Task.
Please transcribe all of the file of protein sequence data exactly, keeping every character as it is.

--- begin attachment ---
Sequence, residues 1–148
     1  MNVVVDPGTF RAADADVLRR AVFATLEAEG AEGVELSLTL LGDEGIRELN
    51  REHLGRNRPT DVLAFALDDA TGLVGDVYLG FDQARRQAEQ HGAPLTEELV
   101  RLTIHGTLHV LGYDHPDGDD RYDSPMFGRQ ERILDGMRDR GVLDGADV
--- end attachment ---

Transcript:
Sequence, residues 1–148
     1  MNVVVDPGTF RAADADVLRR AVFATLEAEG AEGVELSLTL LGDEGIRELN
    51  REHLGRNRPT DVLAFALDDA TGLVGDVYLG FDQARRQAEQ HGAPLTEELV
   101  RLTIHGTLHV LGYDHPDGDD RYDSPMFGRQ ERILDGMRDR GVLDGADV